DOBBINS HEIGHTS — For a community looking for more unity, Dobbins Heights is taking up an ambitious new venture: a monthly basketball tournament.
The idea had been brewing independently in the minds of Mayor Pro Tem Tyré Holloway and his old friend Tiger Stanback to put the Dobbins Heights blacktop to good use, and when they got together it started to look like it could become a reality.
The tournament fits in with the vision of the Unity in the Community committee, aiming to promote positive activities for residents to engage in.
“There’s nothing for kids in the community to do, this can give them something to look forward to,” said Stanback, 42, who organized a grassroots basketball tournament when he lived in Michigan. “The more they have to do, the less they get in trouble.”
The tournament is named Soul in the Hole, a reference to a late-’90s documentary about street basketball’s effect on the youth of Brooklyn, New York, and it has special meaning for Stanback.
“You have to play the game to know what Soul in the Hole is,” he said. “The basketball is life, the rim is the opportunity and the game is grasping and working towards the opportunities that are in front of you.”
Stanback added that the game teaches kids that if you don’t play by the rules, you can’t do what you love.
Soul in the Hole, a single-elimination tournament, will consist of 5-on-5 full-court games to 16 points — the winning team must win by two points. Teams will pick themselves and can include any gender. Referees will call hard fouls and obvious violations, allowing players to “play” and law enforcement will provide security, according to Stanback.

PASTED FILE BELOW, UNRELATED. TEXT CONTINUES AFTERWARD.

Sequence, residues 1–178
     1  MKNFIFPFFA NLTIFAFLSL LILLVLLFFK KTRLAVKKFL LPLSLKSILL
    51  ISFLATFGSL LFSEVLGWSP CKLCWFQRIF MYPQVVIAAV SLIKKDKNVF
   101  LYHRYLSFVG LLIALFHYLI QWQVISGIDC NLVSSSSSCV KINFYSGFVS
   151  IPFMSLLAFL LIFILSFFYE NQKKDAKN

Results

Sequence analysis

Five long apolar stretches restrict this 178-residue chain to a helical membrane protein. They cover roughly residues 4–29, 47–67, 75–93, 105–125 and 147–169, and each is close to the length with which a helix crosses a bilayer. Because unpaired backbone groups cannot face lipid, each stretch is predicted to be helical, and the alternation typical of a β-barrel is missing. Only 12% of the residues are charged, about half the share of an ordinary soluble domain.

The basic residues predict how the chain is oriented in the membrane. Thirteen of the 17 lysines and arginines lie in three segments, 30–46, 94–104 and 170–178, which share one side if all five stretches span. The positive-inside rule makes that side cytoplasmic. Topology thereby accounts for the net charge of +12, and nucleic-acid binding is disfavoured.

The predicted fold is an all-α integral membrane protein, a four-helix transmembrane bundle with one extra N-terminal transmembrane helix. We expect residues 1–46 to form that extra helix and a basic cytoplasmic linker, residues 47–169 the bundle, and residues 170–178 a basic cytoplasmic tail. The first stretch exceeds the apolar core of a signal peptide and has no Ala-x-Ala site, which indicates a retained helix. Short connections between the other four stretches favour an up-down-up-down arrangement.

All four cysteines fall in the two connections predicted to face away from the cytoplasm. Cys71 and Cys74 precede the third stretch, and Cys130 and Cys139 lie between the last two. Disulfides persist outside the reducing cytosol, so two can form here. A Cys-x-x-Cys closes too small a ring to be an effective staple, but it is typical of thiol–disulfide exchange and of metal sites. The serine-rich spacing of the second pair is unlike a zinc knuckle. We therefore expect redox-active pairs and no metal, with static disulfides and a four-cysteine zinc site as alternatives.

The entry fee is $100 per team, and all the money will be but into future tournaments or local causes, Stanback said. The first tournament will be held from 10 a.m. June 30 to July 1. Hot dogs and hamburgers will be served, and there will be a DJ there along with local artists performing, according to Stanback.
“We’re going to give it a shot and if this first tournament is successful we’re going to have one every month,” he said.
Players must be 16 or older, but Stanback said if you know how to play and pay the dues, this rule can be bent. Holloway said at a Unity in the Community meeting earlier this month that the tournament will likely start with older players with the hope that it will generate enough eyes to attract younger players to join as well.
At the meeting, members floated the idea of having other sports like kickball or softball that could be more inclusive, though nothing is set in stone.
Originally from Rockingham, Stanback lived in Detroit for about eight years where he first started a Soul in the Hole tournament. At its peak, he said, there were nearly 40 teams of five competing. He said as the tournament grows in popularity, it can use its funds to provide things like haircuts for kids who can’t afford them, Christmas presents or scholarships.
“The more people in the community get involved the better,” Stanback said.
Reach Gavin Stone at 910-817-2674 or [email protected]